Wronged Homeowners May Get Foreclosures Reviewed
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Some of the nation's banks are revisiting a disturbing episode in their very recent history. They're mailing out letters to four million people. It's part of a massive review of home foreclosures in 2009 and 2010 in the immediate aftermath of the financial crisis. After reaching a compromise on this issue with the Federal Reserve and two other agencies, banks and mortgage servicing companies are having to ask if some people facing foreclosure were treated unfairly. NPR's Chris Arnold reports.
CHRIS ARNOLD, BYLINE: Federal officials have ordered the banks to find people who have suffered financial harm due to the banks' mistakes and to offer those people remediation. And many housing experts say that a lot of people have been harmed. They say in the worst cases the banks are foreclosing when they shouldn't be.
THOMAS COX: To me the chaos is just astonishing.
ARNOLD: Thomas Cox is a lawyer in Maine who's been helping homeowners. And he actually understands foreclosures very well, because 20 years ago he was the one foreclosing on people.
COX: I did a lot of work in the foreclosure arena for the banks and for the FDIC.
ARNOLD: But Cox says back then everything was done by the book. So a few years ago, when he got into doing volunteer legal help for homeowners, he says he was shocked by how sloppy and mistake-ridden everything was.
COX: What struck me at that time was how obscure and deceptive the foreclosure process had become. It appeared that they were not being careful and they were not being accurate in their work.
ARNOLD: Some experts who've scrutinized the banks over the past few years believe that tens of thousands of homeowners have been foreclosed on and put out of their houses when they shouldn't have been, many because they didn't get what's called a loan modification.
SHEILA FRANK: I worry about this all the time.
ARNOLD: In a rural area near Portland, Maine, Sheila Frank is showing us around her house that she built with her husband back 38 years ago.
FRANK: We just all worked together on it, relatives and friends. And you know, we were in our early 20s so it was all pretty cool.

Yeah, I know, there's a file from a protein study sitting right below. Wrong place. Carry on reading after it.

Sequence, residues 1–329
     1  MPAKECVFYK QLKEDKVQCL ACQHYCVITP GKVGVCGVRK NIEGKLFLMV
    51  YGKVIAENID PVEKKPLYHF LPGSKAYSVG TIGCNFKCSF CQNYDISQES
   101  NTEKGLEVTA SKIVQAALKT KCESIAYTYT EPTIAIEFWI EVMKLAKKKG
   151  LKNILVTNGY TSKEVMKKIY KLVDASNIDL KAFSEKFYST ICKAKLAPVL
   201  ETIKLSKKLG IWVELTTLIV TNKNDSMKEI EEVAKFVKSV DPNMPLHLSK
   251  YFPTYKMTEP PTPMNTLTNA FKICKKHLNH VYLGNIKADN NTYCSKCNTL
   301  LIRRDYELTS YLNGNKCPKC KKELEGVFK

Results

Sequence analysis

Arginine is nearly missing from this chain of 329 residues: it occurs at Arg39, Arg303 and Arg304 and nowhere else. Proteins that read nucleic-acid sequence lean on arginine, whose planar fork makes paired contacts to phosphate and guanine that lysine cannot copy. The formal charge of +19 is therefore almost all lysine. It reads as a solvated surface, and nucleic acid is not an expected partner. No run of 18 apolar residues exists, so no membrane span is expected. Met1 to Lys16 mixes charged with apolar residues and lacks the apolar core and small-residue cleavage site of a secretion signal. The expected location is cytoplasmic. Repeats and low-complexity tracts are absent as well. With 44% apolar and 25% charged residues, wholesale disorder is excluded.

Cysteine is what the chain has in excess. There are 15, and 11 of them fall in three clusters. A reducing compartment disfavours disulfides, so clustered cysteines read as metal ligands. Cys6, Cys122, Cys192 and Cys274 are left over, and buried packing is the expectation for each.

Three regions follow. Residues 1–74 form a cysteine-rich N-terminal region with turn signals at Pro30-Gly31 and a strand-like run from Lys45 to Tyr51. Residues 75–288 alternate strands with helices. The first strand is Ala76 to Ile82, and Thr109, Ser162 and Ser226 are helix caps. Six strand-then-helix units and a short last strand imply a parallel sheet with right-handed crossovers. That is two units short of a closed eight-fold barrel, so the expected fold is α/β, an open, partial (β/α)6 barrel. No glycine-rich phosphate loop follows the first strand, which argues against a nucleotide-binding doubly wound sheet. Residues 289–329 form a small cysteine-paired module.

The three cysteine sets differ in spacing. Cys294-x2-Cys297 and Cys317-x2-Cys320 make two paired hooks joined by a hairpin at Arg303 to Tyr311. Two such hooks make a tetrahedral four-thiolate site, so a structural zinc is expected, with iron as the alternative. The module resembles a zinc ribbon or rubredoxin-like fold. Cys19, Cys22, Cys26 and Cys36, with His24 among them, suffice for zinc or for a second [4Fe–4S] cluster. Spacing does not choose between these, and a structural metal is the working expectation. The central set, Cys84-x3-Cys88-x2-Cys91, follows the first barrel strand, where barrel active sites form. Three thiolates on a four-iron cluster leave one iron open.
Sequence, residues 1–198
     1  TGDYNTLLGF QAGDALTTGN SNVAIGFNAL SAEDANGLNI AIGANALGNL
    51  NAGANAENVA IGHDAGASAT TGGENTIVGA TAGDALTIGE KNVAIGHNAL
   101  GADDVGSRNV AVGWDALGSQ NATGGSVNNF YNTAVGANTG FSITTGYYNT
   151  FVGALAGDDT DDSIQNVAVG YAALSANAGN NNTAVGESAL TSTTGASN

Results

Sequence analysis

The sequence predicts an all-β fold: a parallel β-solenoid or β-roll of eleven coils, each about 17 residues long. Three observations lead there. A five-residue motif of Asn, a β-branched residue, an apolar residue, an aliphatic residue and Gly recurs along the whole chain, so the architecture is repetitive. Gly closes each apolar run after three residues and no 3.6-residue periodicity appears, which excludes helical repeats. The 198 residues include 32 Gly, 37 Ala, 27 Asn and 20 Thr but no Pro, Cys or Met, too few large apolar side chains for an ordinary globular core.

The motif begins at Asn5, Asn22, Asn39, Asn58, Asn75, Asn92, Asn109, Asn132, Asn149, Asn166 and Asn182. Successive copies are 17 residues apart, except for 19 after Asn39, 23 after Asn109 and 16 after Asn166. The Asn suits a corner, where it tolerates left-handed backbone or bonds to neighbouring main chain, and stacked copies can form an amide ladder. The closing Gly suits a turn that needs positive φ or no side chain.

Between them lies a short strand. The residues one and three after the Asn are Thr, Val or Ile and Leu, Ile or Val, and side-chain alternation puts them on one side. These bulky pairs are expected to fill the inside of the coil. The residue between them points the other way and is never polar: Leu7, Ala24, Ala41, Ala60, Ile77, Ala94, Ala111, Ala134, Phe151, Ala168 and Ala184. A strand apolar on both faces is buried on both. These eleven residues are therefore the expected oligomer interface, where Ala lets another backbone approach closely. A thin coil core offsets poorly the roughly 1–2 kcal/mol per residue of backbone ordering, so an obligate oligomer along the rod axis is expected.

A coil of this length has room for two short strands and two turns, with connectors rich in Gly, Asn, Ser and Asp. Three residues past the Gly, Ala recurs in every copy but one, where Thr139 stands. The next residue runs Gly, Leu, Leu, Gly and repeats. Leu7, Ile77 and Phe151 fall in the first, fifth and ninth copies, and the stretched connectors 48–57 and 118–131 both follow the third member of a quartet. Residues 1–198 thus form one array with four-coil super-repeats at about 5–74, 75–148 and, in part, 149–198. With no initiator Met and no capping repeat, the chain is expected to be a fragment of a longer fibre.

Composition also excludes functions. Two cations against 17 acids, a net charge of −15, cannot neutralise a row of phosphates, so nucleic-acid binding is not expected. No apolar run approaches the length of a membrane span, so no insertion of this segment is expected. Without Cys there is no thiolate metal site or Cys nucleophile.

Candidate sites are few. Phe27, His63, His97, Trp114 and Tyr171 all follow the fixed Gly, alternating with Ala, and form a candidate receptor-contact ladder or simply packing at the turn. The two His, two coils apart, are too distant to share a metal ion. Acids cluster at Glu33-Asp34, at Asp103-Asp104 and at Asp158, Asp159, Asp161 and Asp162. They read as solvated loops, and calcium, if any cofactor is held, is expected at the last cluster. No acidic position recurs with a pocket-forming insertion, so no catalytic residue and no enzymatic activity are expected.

ARNOLD: After the recession set in, Sheila Frank lost her job at the retailer LL Bean. She had a small pension, but not much more. And she and her husband had been divorced many years before. And she suddenly couldn't afford her mortgage. But if she had a lower interest rate she could afford it. And that made her a perfect candidate for President Obama's loan modification program. So she called her lender, CitiMortgage.
FRANK: I talked to them and I just gave them my scenario and she was, yup, that's just the people we're looking to help, and you fit. And she said, you know, my interest rate potentially would be two percent.
ARNOLD: Frank said she did everything the bank asked her to do, but she didn't get a loan modification. Over the next year, Frank says the bank repeatedly lost documents that she sent. She says the bank also told her that she didn't have to make payments for a few months, until she got a new payment schedule. But it turns out that that wasn't true. And missing those payments put her into default.
In April of 2010, she called the bank and was pretty horrified to learn that a foreclosure sale date had been set and it was just two weeks away.
FRANK: How does that work? They've been telling me everything's cool, I've made my payments, and in two weeks they're selling the house I've lived in for 38 years? And I thought I'm going to die.
ARNOLD: Sheila Frank was able to get a state court to block the foreclosure sale with the help of the attorney Tom Cox. They have a court hearing later this month.
CitiMortgage, for its part, declined to go into details but said its actions were appropriate. But in a statement it also said that it will work with Sheila Frank and her lawyer. Tom Cox, though, says most homeowners are not lucky enough to get free legal advice.
CHRISTINA KING: Not only have we lost our house, but it's been completely destroyed.
ARNOLD: That's Christina King from Neenah, Wisconsin. She's another homeowner who NPR is following. In her case, Bank of America in a letter admitted that it had made a mistake rejecting her for a loan modification and then it finally offered her one. But that was a year after she was already out of her house. Since then, the bank failed to winterize her empty house.
KING: There is water in the basement filled with sewage that is filled all the way up to the first floor floorboards. Then there's also burst pipes. And then we see mold - black mold, discoloration, all the way up the walls in the first floor.
ARNOLD: Meanwhile, the Kings have eight young children. They rented a house, and then it got sold. And now they've ended up living in a church rectory.
KING: We have a place to stay, but the kids really miss their house. They miss their friends. They miss their neighborhood.
ARNOLD: After NPR contacted Bank of America, the bank pledged to repair the King's house. But this case was not part of the new review that's just getting underway around the country. And housing advocates are skeptical that very many homeowners are going to get much help through that review. But the federal banking regulators who mandated it say they're optimistic.
Chris Arnold, NPR News. Transcript provided by NPR, Copyright National Public Radio.